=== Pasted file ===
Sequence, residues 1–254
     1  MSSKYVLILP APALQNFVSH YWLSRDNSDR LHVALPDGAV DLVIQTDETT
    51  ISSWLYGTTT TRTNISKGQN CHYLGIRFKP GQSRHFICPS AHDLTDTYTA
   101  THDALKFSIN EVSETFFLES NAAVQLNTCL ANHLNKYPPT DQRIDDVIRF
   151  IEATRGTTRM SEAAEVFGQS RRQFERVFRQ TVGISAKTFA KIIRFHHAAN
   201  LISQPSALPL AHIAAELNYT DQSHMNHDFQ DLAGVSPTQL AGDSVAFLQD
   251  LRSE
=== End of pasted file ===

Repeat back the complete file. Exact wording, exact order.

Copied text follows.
Sequence, residues 1–254
     1  MSSKYVLILP APALQNFVSH YWLSRDNSDR LHVALPDGAV DLVIQTDETT
    51  ISSWLYGTTT TRTNISKGQN CHYLGIRFKP GQSRHFICPS AHDLTDTYTA
   101  THDALKFSIN EVSETFFLES NAAVQLNTCL ANHLNKYPPT DQRIDDVIRF
   151  IEATRGTTRM SEAAEVFGQS RRQFERVFRQ TVGISAKTFA KIIRFHHAAN
   201  LISQPSALPL AHIAAELNYT DQSHMNHDFQ DLAGVSPTQL AGDSVAFLQD
   251  LRSE